Biden to Announce Nominees for Key Diplomatic Posts

Experts and former diplomats want to see Biden pick up the pace on nominations to better compete with China on the world stage.

By Robbie Gramer, a diplomacy and national security reporter at Foreign Policy, and Jack Detsch, Foreign Policy’s Pentagon and national security reporter.
U.S. President Joe Biden leaves after speaking to U.S. State Department staff.
U.S. President Joe Biden leaves after speaking to U.S. State Department staff, some attending virtually, during his first visit in Washington, on Feb. 4. Saul Loeb/AFP via Getty Images

After nearly three months in office, U.S. President Joe Biden is expected to announce a raft of nominees for ambassador posts and other senior State Department positions, Foreign Policy has learned, as part of the administration’s goal of rebuilding the State Department.

The nominees include ambassadors to African and Asian countries as well as top State Department posts based in Washington to oversee the administration’s diplomatic affairs with Europe, the Middle East, Africa, and international organizations. 

Some current and former officials have criticized the Biden administration for waiting so long to announce nominations for senior posts and ambassador positions, noting that about half of all U.S. ambassador posts worldwide are currently unfilled. This is significant as the Biden administration needs to quickly staff up to grapple with the country’s top foreign-policy challenges, from China to Iran to climate change. The Biden administration has only nominated and confirmed one ambassador position: Linda Thomas-Greenfield, ambassador to the United Nations. Biden has yet to name nominees for other critical posts, such as U.S. ambassadors to NATO, the European Union, China, Japan, South Korea, or Germany.

Biden officials say they are still contending with bureaucratic hurdles and bottlenecks left behind by former U.S. President Donald Trump, including his refusal to acknowledge the election results that set back the timeline for when Biden could pick and vet nominees. They also say stringent background checks for potential nominees’ security clearances have delayed the process. 

Most of the new nominees are career foreign service officers, following Biden’s and Secretary of State Antony Blinken’s pledges to restore morale at the State Department and empower career diplomats following the Trump era, in which big donors dominated plum positions. Other nominees are retired diplomats and long-time foreign-policy experts who have close ties to Biden’s foreign-policy circles. Some of the names were first reported by Politico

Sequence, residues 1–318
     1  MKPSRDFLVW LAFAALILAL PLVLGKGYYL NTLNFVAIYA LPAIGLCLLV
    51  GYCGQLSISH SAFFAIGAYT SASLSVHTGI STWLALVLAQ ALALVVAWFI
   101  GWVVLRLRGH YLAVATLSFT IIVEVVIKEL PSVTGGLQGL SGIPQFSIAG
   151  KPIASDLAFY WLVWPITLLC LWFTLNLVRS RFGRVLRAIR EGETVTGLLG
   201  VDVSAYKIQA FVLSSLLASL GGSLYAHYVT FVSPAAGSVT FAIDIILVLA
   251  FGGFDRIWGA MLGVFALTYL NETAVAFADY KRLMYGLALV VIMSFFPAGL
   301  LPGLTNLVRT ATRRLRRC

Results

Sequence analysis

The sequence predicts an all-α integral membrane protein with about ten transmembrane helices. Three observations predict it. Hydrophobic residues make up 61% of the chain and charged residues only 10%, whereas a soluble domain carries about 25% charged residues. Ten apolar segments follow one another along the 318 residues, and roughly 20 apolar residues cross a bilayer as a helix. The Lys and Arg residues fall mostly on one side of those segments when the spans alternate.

Biden officials say they have worked to ensure a diverse array of nominees for senior roles at the State Department as the department grapples with systemic failures regarding diversity and inclusion. A National Security Council spokesperson said successive nominations will include “many more” career foreign service officers.

Karen Donfried, currently head of the German Marshall Fund of the United States, will be nominated as Biden’s assistant secretary of state for European and Eurasian affairs, and Barbara Leaf, a former senior career diplomat serving on Biden’s National Security Council team, will be nominated as the top envoy for the Middle East as the assistant secretary of state for Near Eastern affairs. 

Other nominees for top posts in Washington include Marcia Bernicat to be director-general of the Foreign Service, Mary “Molly” Phee to be assistant secretary of state for African affairs, Michele Sison to be assistant secretary of state for international organization affairs, Gentry Smith to be assistant secretary of state for diplomatic security, and Anne Witkowsky to be assistant secretary of state for conflict and stabilization operations.

Historically, most presidents tap campaign donors to be ambassadors to higher-profile posts in places like Western Europe or the Caribbean. Trump appointed more political appointees and campaign donors than his predecessors, adding to the perception that he distrusted the diplomatic corps. Nearly 44 percent of U.S. ambassadors nominated by Trump were political appointees, according to a tally from the American Foreign Service Association, far higher than the historical average of around 30 percent. 

But Biden has faced concerted pressure from within his own party to name more ambassadors without campaign ties. During the 2020 Democratic presidential primaries, Sen. Elizabeth Warren pledged not to nominate wealthy campaign donors as ambassadors—a pledge Biden did not opt to match. Biden insisted at the time all of his appointments would be qualified for the job.